Marriage Is a Private Affair Questions and Answers
by Chinua Achebe

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Marriage Is A Private Affair Theme

What is the theme of "Marriage Is a Private Affair"?

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Noelle Thompson eNotes educator | Certified Educator

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According to eNotes, the theme of a piece of literature is "the central and dominating idea in a literary work." In the case of "Marriage Is a Private Affair," the main themes are family and tradition. In fact, we can combine these themes into one truth that resonates in the story: family trumps tradition. Okeke spends much of the plot being upset with his son's marriage to Nene because she does not share their Ibo culture in their native Nigeria. There is an eight-year hiatus where father and son do not see each other at all. During this time, Nnaemeka and Nene continue with their happy marriage and begin their new family by having two sons. The sons are the characters who insist on seeing their grandfather, Okeke. When he hears about his grandsons' wishes through a letter from Nene, Okeke is drawn to the prospect of family that he has neglected. Okeke becomes filled with regret and is afraid that "he might die without making it up to them." Even though the story ends before Okeke meets his grandsons, the reunion seems assured.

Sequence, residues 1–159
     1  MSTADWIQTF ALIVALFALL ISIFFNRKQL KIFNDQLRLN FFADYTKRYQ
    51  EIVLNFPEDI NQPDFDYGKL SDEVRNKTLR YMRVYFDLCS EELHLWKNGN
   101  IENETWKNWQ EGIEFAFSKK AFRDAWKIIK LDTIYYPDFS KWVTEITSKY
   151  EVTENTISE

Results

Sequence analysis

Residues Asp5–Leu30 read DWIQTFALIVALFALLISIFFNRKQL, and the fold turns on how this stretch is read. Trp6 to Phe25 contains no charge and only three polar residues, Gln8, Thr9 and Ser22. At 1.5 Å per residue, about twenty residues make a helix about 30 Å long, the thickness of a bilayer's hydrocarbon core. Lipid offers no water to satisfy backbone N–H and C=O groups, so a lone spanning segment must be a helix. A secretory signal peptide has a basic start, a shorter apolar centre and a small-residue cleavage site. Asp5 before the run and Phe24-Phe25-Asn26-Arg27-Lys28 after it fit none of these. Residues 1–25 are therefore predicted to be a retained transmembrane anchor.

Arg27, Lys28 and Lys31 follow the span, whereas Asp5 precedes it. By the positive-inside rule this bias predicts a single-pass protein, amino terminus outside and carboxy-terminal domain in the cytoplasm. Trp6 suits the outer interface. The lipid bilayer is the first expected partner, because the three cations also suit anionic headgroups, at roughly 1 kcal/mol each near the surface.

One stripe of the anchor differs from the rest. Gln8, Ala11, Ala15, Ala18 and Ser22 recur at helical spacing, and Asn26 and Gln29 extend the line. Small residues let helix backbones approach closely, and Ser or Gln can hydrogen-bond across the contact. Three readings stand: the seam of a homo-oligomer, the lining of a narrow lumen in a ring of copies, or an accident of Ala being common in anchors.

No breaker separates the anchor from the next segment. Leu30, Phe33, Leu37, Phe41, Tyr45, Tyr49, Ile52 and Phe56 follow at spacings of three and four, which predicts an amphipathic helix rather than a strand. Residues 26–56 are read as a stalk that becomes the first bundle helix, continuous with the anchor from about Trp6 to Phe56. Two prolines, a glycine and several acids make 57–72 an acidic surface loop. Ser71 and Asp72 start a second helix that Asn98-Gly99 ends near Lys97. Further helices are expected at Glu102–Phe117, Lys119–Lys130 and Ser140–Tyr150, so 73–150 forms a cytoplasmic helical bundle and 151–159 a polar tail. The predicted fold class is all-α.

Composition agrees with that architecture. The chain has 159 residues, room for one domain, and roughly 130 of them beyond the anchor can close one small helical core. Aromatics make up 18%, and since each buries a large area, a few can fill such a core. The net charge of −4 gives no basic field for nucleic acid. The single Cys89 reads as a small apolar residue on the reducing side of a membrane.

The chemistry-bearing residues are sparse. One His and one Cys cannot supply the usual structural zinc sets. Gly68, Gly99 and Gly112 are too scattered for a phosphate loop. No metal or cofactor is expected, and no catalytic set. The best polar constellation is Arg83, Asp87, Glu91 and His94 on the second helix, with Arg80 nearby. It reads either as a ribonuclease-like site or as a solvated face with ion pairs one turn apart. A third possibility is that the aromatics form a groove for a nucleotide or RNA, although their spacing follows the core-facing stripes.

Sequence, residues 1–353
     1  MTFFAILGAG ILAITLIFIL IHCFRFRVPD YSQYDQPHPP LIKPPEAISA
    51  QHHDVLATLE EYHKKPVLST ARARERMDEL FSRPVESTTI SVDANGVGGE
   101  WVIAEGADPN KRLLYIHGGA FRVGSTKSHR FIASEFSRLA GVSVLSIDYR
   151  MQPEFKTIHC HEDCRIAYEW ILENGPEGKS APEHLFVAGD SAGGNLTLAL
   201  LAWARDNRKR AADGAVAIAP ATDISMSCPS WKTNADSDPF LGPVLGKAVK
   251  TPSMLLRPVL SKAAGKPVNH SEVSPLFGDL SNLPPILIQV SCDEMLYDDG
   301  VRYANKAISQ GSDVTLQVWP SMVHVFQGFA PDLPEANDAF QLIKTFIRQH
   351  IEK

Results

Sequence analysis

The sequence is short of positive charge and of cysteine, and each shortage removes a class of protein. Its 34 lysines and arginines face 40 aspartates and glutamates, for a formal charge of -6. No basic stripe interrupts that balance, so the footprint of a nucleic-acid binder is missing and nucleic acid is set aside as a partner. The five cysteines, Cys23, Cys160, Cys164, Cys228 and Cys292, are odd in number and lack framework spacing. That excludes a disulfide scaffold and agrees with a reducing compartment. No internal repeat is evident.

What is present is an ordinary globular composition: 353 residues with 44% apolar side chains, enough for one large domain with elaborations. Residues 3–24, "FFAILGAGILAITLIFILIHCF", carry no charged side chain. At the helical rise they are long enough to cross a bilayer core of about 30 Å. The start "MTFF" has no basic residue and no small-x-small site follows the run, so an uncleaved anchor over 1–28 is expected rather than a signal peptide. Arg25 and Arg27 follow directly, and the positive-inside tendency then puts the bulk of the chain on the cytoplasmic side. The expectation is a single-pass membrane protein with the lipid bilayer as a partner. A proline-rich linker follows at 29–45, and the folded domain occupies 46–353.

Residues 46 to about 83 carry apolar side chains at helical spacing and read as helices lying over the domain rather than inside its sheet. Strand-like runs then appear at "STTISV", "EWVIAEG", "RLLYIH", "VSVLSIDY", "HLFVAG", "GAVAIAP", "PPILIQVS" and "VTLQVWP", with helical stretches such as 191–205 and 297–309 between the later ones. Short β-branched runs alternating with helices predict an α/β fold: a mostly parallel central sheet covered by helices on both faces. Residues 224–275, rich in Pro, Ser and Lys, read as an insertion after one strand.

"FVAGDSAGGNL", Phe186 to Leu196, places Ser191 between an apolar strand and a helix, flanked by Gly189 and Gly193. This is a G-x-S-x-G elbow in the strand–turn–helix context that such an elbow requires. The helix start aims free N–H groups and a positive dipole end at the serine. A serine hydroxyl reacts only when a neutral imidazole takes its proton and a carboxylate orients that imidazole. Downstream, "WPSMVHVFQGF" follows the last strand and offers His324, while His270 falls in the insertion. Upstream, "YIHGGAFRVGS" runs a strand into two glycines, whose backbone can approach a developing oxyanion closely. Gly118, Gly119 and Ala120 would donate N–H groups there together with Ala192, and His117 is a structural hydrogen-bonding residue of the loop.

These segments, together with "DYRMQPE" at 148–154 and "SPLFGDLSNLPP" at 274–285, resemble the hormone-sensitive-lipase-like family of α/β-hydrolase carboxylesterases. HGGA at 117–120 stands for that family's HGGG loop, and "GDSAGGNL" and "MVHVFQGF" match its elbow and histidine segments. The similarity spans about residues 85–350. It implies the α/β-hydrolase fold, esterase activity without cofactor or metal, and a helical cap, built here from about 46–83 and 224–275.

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Sol Gandy eNotes educator | Certified Educator

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The main conflict in Chinua Achebe's short story "Marriage is a Private Affair" is between a father and a son. In a broader scope, it also involves a conflict between generations and cultures. The father, Okeke, lives in a small rural village and his life is dictated by the ancient precepts of his culture, including strict rules about marriage. On the other hand, his son Nnaemeka has moved to the modern city of Lagos and looks at the world in a completely different way. He feels as though he is not bound by cultural taboos. He decides to go against the old ways by marrying a girl who is not from his Ibo tribe. This marriage is initially unacceptable to his father but as time passes, and Okeke learns after eight years that he has two grandsons, his heart softens. In the end, Achebe suggests that Okeke will give in and see his son's family. The theme of the story, then, is that love, especially familial love, can overcome cultural and generational conflicts. Acceptance is also a powerful theme of the story as Okeke begins to understand that he lives in a new reality and that old traditions, prejudices and ways of thinking need to be set aside in a rapidly changing modern world.   

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